August 8, 2011


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Written by: Mitch Salem
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BELLFLOWER – Worth A Ticket:  A Uniquely Mashed-Up Vision



Watching BELLFLOWER, you keep thinking that it’s going to resolve itself into some categorizable genre.  Mumblecore romance, maybe, or low-budget apocalyptic action, or slacker comedy.  But while the film sips at all of those conventions, it has a striking, oddball originality all its own:  it’s the kind of picture that makes the term “festival movie” look good. Bellflower, which premiered at Sundance, is the brainchild of Evan Glodell, who wrote, produced, directed, edited, and starred in the film.  In his spare time, he modified the digital cameras used to photograph the movie in order to ensure a customized look, and created the unique vehicles that form part of the plot.  (He had a bit of help on some of these duties.)  The entire budget of the film was reportedly $18,000, which wouldn’t pay for a single CG shot in some Hollywood blockbusters


All of this hard work and thrift wouldn’t pay off, though, if the picture weren’t dramatically compelling, which for the most part it is.  The protagonists are Woodrow (Glodell) and Aiden (Tyler Dawson), friends from the midwest who share a house in one of the nether regions of LA.  The two share a pastime that’s also an obsession:  having devoured Mad Max, they want to create working artifacts that would fit the movie’s apocalyptic universe.  Visions of the end of the world dance in their heads, and make them very happy.  They put together their own working flame-thrower, and their dream is to create a car they call the Medusa, complete with flame-belching exhausts and video surveillance cameras whose views can be watched from the front seat.  The two guys have a thriving if somewhat odd bromance.

As will happen in the movies, a woman changes everything.  Milly (Jessie Wiseman) has an extremely gross meet-cute with Woodrow, and on their first date, they set off on an impromptu trip to Texas, in answer to Milly’s challenge that Woodrow take her to the most disgusting restaurant he’s ever seen.  (Their ride for that journey is a car custom-fitted with a whiskey dispenser on the dashboard, which is probably illegal but way cool.)  Woodrow is fumblingly head over heels, but when Milly tells him he’d be better off not thinking of her as his girlfriend, she’s not kidding.  What could fairly be called an apocalyptic case of heartbreak follows, and Woodrow’s post-apocalypse universe engulfs Milly’s best friend Courtney (Rebekah Brandes) and roommate Mike (Vincent Grashaw) as well.  One of the conscious ironies of the movie is that for these characters, fantasies about packs of murderous thugs don’t faze them, but they can be utterly toppled by an ordinary bad romance.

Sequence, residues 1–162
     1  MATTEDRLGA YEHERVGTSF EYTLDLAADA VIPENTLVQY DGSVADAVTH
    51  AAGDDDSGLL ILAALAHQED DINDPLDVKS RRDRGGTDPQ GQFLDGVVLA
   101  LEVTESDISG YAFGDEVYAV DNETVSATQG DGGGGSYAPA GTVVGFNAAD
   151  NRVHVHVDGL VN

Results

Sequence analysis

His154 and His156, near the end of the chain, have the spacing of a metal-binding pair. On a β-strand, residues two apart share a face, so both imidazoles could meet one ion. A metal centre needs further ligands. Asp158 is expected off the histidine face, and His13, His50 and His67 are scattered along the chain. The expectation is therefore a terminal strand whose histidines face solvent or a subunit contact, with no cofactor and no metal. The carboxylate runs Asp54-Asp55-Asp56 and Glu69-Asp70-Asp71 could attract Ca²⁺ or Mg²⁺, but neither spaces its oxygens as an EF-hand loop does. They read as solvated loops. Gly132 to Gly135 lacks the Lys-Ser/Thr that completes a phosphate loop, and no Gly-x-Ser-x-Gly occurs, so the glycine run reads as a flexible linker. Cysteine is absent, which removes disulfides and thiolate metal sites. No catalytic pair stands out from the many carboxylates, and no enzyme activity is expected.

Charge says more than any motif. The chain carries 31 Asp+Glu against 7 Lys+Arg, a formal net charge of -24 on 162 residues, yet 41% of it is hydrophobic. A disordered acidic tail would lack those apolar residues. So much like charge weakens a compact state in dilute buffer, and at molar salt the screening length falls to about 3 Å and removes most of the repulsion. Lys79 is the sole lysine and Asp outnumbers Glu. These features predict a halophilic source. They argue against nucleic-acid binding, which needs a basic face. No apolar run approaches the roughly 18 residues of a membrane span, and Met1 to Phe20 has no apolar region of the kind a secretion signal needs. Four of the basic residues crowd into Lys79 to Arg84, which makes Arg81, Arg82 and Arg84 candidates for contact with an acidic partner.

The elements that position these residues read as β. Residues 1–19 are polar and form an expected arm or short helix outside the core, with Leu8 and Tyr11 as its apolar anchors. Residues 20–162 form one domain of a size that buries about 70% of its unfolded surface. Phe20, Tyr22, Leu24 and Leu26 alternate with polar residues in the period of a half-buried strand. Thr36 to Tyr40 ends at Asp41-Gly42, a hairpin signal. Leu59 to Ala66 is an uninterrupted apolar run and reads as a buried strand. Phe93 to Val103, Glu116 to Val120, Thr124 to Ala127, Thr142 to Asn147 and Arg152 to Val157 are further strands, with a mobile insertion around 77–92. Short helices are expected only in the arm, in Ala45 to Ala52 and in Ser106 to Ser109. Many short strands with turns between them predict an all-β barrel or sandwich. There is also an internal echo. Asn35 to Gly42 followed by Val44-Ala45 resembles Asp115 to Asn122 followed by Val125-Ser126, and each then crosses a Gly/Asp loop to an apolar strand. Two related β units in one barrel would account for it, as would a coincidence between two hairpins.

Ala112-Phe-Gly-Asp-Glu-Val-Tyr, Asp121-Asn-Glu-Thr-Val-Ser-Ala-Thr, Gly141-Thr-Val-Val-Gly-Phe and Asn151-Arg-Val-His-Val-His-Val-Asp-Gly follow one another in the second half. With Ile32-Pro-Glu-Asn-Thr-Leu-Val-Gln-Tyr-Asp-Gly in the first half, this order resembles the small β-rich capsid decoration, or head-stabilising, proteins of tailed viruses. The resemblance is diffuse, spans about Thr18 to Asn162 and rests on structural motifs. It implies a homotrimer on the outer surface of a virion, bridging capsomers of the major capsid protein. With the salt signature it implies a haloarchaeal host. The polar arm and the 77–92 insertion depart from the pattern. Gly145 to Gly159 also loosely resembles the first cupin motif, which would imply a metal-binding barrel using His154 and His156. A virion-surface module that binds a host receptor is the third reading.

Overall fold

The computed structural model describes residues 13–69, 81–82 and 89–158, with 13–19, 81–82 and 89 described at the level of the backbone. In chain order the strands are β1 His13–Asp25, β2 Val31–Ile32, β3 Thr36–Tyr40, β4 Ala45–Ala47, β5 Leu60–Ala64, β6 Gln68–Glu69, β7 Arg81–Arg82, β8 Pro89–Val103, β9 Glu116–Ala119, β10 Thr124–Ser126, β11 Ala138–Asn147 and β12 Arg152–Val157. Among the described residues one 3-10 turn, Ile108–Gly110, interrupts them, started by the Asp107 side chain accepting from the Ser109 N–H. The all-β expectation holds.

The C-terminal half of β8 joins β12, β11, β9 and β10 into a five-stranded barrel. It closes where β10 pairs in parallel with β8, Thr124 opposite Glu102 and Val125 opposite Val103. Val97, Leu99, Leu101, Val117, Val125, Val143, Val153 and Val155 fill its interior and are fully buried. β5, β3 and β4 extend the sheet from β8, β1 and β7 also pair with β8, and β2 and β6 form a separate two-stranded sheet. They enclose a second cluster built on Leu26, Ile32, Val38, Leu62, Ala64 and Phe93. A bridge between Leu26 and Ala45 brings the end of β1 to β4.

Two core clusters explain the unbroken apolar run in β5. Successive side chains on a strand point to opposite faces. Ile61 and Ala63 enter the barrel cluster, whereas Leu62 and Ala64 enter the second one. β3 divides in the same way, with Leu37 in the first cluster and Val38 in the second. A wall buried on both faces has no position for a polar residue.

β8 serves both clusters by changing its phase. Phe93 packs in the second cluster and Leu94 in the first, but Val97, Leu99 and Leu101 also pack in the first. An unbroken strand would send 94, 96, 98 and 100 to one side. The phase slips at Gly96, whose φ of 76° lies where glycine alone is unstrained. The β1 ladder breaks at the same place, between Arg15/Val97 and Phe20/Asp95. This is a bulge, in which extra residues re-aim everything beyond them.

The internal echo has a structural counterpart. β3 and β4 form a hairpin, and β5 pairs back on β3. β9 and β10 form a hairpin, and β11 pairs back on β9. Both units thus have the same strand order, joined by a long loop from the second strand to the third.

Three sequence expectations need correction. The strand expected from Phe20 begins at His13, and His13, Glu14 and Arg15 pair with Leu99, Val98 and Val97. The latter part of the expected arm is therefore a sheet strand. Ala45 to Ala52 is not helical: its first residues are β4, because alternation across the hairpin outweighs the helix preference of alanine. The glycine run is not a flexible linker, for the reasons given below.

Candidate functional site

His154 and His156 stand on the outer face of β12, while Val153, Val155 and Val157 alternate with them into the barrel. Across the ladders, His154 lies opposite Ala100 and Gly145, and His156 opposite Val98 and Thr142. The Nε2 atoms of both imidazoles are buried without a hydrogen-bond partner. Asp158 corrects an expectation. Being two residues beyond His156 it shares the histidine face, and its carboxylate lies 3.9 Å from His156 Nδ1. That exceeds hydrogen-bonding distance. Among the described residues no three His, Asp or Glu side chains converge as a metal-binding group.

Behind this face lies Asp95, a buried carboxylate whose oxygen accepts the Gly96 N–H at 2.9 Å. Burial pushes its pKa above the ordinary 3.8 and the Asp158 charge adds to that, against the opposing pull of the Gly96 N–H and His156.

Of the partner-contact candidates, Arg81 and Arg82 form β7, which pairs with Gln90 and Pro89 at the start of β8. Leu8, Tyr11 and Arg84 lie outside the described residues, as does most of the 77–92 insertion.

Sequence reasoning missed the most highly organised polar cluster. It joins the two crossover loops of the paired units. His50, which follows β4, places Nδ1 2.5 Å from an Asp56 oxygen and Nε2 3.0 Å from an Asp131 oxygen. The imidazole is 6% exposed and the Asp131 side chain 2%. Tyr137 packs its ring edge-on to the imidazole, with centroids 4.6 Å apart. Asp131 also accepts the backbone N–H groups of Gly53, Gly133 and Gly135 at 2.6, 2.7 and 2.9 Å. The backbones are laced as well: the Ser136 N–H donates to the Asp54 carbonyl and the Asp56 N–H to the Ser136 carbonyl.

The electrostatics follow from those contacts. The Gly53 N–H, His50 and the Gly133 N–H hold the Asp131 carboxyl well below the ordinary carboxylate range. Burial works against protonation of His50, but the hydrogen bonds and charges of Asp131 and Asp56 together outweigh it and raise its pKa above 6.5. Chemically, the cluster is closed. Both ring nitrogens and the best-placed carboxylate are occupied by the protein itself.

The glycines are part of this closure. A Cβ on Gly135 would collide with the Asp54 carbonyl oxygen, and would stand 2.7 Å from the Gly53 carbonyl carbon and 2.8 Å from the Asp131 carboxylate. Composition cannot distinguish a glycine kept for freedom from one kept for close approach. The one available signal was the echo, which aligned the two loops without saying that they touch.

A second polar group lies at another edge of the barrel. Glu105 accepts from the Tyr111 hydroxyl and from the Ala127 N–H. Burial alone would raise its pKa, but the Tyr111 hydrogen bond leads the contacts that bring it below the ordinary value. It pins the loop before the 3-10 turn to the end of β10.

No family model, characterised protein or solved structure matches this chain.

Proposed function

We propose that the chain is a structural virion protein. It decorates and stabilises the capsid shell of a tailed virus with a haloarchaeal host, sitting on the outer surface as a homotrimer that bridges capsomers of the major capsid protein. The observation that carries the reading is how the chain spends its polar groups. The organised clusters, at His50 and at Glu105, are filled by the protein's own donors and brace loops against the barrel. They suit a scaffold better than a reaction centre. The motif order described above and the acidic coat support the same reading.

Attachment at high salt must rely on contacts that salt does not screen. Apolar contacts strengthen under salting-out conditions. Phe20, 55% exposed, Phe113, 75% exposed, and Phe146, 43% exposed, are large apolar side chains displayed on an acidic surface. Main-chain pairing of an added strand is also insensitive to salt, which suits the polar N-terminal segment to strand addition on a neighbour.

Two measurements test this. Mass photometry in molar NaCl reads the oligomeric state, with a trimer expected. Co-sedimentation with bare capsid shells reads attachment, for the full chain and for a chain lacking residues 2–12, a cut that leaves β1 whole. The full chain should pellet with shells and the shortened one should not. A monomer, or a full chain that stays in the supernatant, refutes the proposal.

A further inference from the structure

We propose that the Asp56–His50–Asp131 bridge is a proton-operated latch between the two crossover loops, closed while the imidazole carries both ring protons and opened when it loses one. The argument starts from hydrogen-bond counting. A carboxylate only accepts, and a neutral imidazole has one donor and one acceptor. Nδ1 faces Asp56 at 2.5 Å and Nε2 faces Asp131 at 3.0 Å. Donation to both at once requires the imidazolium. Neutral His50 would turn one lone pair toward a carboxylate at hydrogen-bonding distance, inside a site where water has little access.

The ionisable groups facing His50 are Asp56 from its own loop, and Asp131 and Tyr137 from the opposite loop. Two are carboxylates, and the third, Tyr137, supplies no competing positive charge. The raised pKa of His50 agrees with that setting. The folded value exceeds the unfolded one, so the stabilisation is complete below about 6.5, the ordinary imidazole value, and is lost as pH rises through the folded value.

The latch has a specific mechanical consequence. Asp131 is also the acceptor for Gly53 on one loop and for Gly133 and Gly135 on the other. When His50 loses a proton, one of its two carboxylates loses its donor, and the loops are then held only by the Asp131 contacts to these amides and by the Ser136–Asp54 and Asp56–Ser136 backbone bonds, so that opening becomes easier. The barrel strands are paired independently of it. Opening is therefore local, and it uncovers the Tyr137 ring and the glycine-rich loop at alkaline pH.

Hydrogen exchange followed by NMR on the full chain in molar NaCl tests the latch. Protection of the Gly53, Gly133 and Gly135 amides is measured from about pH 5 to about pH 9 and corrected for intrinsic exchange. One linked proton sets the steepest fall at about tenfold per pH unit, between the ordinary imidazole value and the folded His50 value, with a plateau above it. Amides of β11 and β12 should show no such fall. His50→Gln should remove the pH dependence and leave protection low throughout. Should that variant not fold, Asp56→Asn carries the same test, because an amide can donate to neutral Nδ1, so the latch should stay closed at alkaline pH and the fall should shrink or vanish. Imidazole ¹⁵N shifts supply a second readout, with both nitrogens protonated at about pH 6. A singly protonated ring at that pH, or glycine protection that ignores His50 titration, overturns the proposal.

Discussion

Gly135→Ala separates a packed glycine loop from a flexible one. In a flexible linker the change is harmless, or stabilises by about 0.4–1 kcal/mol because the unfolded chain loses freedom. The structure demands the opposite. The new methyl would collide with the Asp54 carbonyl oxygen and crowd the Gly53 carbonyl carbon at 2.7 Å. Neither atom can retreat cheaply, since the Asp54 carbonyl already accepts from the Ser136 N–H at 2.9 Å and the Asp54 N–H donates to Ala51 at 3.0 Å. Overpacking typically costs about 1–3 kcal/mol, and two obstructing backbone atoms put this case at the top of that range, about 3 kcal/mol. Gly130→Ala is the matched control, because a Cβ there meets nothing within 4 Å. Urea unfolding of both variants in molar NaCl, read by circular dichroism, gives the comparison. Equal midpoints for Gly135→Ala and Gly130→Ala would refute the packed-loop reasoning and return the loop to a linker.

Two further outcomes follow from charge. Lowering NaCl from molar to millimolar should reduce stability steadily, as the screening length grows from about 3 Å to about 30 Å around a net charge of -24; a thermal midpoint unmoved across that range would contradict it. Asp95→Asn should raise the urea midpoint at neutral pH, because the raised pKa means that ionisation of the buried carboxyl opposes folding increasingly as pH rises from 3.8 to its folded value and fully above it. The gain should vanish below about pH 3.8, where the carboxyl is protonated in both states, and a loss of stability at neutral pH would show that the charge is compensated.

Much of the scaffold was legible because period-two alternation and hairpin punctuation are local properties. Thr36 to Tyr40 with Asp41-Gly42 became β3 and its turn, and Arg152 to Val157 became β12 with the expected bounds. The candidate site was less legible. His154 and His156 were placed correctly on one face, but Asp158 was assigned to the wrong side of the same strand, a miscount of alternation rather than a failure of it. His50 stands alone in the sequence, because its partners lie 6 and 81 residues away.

Bellflower doesn’t always make sense, and it’s got some considerable flaws–it falls into the mumblecore trap of dialogue that tries so hard to be “real” that it only draws attention to itself, some of the secondary characters are seriously undeveloped, and and at one point there’s a fantasy sequence so long and intense that the reveal feels like a cheat.  But it’s completely unpredictable, and there’s never a moment that isn’t fascinating to watch.  Joel Hodge’s cinematography, using those custom cameras, plays with the focus, isolating characters amid blur or preserving dirt on the lens; there’s also experimentation with the exposure levels of the images that makes landscapes ominously flat or bright.  The actors, who generally have little screen experience, give strong performances, and their presence, along with the increasingly rapid pace of the editing, make for a gripping story with genuine suspense and surprise.

Bellflower is a discovery that’s impressive not because it was done on the cheap or has some technical tricks up its sleeve, but because it uses its resources in the service of an involving (if sometimes unpleasant) vision  It’s exactly what an “independent film” is supposed to be.

About the Author

Mitch Salem
MITCH SALEM has worked on the business side of the entertainment industry for 20 years, as a senior business affairs executive and attorney for such companies as NBC, ABC, USA, Syfy, Bravo, and BermanBraun Productions, and before that, at the NY law firm of Weil, Gotshal & Manges. During all that, he has more or less constantly been going to the movies and watching TV, and writing about both since the 1980s. His film reviews also currently appear on and In addition, he is co-writer of an episode of the television series "Felicity."